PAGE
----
School Problems and Vocational Under-Achievement - An Overview

School Problems and Vocational Under-Achievement - An Overview

By: Gail Silverstein, PhD | 856-983-3866 Ext. 3135

School problems and/ or vocational underachievement in otherwise reasonably well-functioning people are usually caused by one or more of the following:

ADD/ADHD

• May have problems paying attention, focusing, or concentrating or be easily distracted in certain situations – may have no trouble watching TV, playing video games or engaging in other high-interest activities for hours – the difficulty is not in paying attention – the difficulty is in regulating attention 
• May have problems getting homework done, forget assignments, be disorganized, lose things, fail to follow through on things he/ she has promised or intended to do, may often be late or have other problems with time-management 
• May need to move around a lot, feel restless, be noisy, talk excessively, blurt things out, interrupt, have trouble waiting his/ her turn 
• May make careless mistakes, may not pay enough attention to details 

Reading Problems 

• When younger, may have trouble with decoding, fluency, and/ or comprehension 
• When older, may read slowly, dislike or avoid reading, find reading tiring or effortful, or may avoid or have trouble with writing – reading comprehension may be fine at this point

Nonverbal Learning Disability 

• May have academic problems with math, reading comprehension, and/ or writing especially in middle school or later, but have good verbal and reading skills 
• May “lose the forest for the trees”, have trouble integrating information or making inferences, and with seeing the big picture or main idea, may have trouble figuring out what is important and what is not important, may have trouble generalizing from one situation to another, similar, situation 
• May have trouble understanding social situations, have few friends, may be seen as naïve, may be a target for teasing and bullying, may take things over-literally, may have trouble with transitions and dealing with new situations or unexpected changes in plans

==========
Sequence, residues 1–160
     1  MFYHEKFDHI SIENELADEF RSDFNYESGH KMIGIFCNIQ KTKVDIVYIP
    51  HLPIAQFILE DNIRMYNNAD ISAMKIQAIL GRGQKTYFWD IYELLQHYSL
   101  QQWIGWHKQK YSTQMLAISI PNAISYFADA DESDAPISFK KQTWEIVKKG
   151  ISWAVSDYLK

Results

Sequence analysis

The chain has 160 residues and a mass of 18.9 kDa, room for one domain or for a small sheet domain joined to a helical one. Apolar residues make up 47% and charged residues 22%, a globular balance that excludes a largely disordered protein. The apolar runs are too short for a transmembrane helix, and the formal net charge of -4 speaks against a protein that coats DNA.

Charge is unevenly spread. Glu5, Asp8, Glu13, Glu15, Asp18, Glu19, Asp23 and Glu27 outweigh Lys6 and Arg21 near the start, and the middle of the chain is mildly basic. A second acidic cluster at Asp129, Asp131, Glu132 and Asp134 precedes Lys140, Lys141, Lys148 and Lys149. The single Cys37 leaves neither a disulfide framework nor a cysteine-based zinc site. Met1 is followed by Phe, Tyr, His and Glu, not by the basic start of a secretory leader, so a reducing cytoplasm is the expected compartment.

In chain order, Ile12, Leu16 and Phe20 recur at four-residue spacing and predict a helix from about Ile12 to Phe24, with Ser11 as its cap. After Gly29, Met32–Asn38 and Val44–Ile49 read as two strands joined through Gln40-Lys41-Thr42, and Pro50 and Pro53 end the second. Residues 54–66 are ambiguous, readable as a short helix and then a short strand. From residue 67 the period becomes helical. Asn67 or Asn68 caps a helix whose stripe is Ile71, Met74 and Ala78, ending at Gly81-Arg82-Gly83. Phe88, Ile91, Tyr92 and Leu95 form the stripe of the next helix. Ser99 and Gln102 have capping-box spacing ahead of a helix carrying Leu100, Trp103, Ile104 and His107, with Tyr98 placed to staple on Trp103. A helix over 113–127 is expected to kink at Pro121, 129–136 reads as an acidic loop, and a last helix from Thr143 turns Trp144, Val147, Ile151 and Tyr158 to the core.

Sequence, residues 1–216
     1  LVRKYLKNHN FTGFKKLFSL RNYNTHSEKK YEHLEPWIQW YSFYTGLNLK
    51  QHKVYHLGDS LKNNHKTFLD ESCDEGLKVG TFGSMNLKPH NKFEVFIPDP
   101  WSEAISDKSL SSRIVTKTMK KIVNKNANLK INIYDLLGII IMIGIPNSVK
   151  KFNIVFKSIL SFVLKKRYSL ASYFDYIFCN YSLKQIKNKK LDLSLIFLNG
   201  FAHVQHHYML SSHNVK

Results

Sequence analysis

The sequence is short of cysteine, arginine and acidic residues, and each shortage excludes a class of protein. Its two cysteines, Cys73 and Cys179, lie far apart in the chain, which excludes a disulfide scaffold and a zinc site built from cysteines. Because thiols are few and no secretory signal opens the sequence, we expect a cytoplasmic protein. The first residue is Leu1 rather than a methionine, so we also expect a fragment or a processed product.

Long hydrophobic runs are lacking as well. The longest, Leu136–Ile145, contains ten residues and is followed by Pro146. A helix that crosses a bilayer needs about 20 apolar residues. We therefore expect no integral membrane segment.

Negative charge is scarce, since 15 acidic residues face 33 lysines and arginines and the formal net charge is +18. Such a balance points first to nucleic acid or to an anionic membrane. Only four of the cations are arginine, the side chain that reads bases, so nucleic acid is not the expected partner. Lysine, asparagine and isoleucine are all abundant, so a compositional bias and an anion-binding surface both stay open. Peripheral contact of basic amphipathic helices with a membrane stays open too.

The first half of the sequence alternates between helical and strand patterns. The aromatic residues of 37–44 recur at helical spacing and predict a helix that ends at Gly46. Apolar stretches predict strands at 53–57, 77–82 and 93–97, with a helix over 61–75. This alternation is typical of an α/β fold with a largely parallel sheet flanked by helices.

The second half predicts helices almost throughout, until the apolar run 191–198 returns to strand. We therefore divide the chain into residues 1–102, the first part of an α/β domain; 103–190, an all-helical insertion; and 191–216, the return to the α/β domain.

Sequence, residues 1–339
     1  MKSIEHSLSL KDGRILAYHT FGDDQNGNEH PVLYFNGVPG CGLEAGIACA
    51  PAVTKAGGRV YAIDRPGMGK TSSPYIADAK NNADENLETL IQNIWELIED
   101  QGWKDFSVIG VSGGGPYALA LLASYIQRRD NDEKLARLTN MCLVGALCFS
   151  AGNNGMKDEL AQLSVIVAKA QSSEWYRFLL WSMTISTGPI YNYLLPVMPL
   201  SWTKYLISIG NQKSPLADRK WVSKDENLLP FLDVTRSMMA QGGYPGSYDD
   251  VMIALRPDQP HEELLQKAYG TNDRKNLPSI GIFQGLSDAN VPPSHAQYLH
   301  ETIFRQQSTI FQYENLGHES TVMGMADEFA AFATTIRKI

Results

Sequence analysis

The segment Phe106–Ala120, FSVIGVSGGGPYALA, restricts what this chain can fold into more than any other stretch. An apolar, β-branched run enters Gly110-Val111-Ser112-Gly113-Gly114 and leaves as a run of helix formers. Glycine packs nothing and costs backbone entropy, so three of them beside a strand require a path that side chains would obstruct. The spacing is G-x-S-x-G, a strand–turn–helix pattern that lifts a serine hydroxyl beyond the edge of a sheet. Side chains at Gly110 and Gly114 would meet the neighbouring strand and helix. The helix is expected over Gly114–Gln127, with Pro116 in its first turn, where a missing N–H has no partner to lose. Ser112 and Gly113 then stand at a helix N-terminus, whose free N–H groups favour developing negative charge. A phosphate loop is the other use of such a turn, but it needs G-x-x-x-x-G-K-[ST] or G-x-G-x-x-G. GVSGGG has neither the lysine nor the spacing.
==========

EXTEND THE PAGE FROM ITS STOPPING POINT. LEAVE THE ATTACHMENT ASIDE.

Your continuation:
• May be initially misdiagnosed as having ADD/ ADHD 

Emotional Factors 

• Anxiety 
• Depression 
• Problems adjusting to a new grade, school, job, or situation 
• Alcohol or drug abuse 
• Personality issues or other emotional problems 

Situational Factors

• One or more aspects of the class, school, or job may not match his/ her strengths/ weaknesses 
• Problems or changes within the family or other interpersonal problems 
• Problems dealing with moves, divorce, deaths of loved ones, alcohol or drug abuse by a parent, bullying by a peer, etc. 
• Being or having been physically, emotionally, or sexually abused 

Medical Problems 

Sensory or Motor Problems 

Most people do not show every symptom of a problem. Symptoms may not be present all of the time or in all situations. Problems may be due to a combination of factors. It is important to get a sense of how much control the person has over the problem in order to know how to help. Neuropsychological testing can sort out which of these factors are contributing to the problem and how significant each factor is, as well as provide guidance as to what to do about it all.

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